Posts Tagged ‘fair trade’
Bambu Batu is delighted to offer this new line of natural fiber products made in India exclusively for Yala Designs. We wanted to share with you the steps that go into producing this block print collection.
Many skilled hands are involved in creating these prints.
First the blocks must be carved. The elaborate designs are carved into wood blocks by hand. Each color and pattern requires a new block. It takes one week for a block maker to carve the nine blocks for the Blue Lotus Quilt.
The vibrant colors are hand mixed, using a well-worn “recipe” book as a guide to create the unique colors. The colors for printing are derived from minerals, plants and Azo-free dyes.
A skilled craftsman dips the hand-carved block into the dye and then stamps the fabric. Once the first color has dried the process is repeated with each color.
The front and the back of the Blue Lotus Queen Quilt requires more than 1250 stamps. It takes a team of two printers one full day to print enough fabric for four queen size quilts.
Washing, setting the dye, and drying the fabric takes about six hours per queen quilt. After this process, the fabric will not shrink and is completely colorfast.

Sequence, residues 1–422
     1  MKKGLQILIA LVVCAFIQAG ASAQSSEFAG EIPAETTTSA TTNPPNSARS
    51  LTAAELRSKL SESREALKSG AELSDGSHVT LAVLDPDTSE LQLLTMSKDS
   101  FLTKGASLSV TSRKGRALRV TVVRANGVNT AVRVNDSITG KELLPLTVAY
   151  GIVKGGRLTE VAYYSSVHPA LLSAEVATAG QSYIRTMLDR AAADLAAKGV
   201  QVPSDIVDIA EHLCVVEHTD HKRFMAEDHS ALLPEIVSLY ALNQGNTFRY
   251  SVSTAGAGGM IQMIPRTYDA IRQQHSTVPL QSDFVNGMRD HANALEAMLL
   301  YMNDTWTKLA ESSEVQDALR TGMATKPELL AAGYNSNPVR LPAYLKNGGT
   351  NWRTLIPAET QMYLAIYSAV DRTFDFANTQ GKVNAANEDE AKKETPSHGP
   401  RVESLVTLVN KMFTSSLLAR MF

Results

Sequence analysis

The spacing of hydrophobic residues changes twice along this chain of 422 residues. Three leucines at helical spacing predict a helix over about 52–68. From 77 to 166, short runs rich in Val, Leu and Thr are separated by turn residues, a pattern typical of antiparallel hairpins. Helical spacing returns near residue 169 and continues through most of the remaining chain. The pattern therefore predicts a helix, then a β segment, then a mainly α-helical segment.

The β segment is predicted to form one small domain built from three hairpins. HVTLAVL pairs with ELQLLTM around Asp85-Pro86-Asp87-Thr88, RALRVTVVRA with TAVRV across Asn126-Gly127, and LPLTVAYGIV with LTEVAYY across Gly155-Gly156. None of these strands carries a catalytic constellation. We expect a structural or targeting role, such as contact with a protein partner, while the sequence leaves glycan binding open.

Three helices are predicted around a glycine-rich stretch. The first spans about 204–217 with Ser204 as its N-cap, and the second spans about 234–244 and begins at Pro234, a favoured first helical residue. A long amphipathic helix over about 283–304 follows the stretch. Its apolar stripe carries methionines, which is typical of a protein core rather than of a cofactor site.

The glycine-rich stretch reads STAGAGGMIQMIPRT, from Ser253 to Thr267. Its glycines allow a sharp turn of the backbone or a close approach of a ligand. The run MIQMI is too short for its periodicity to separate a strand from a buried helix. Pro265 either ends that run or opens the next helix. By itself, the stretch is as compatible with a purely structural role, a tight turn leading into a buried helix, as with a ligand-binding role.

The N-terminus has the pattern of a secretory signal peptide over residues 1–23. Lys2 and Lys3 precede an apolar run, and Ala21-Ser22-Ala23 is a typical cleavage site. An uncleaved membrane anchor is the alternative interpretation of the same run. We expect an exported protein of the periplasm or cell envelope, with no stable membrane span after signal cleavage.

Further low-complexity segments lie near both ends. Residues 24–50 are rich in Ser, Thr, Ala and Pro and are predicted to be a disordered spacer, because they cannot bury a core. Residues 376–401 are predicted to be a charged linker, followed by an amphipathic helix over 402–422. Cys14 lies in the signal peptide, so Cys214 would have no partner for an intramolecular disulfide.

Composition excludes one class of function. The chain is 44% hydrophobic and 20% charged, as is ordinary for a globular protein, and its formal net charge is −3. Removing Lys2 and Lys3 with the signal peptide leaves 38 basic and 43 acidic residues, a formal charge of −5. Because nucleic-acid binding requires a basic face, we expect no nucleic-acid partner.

It takes an experienced quilter a full day to place the organic cotton filling and hand stitch one quilt.
A queen size quilt has passed through more than 30 pairs of hands on its journey from plain white fabric to becoming a quilt. These local artisans are grateful that you appreciate the care that goes into each quilt and thank you for supporting and preserving this ancient art form.
These unique quilts are available from Bambu Batu in three colors — Blue lotus, Gold fleur and Plum razia — and each is reversible with coordinating patterns. We offer them in three sizes — throw (52″x72″), queen (90″x94″) and king (108″x94″), prices starting at $149.95.
Fashion is a strange and fickle animal. Styles come and go, value and craftsmanship vary across brands, and artistic taste travels alongside industry and business. Major names and style houses tend to dominate the landscape and many cases reach across global markets. In the shoe industry, sweatshop work conditions, social and environmental exploitation, and outsourcing of labor have become the accepted practice of footwear giants such as Nike and Adidas. Thankfully, there are alternatives for those who want to stand up to the culture of rampant consumerism and still sport a quality pair of kicks.
Blackspot Shoes from Adbusters Culturejammer Headquarters lets you have some pride in your stride. Created by the popular magazine, the brand is open-source and can be used by anyone, free of charge and copyright laws. The shoes themselves are made of hemp, vegan leather, recycled tires, and produced in fair-trade factories. Blackspot come in either a classic sneaker or boot design, created by John Fluevog and hand-painted with a large spot. They are compliant with vegan standards and are monitored by Robin Webb of Vegetarian Shoes in the UK. Each pair is part of limited or small runs, ensuring quality and integrity.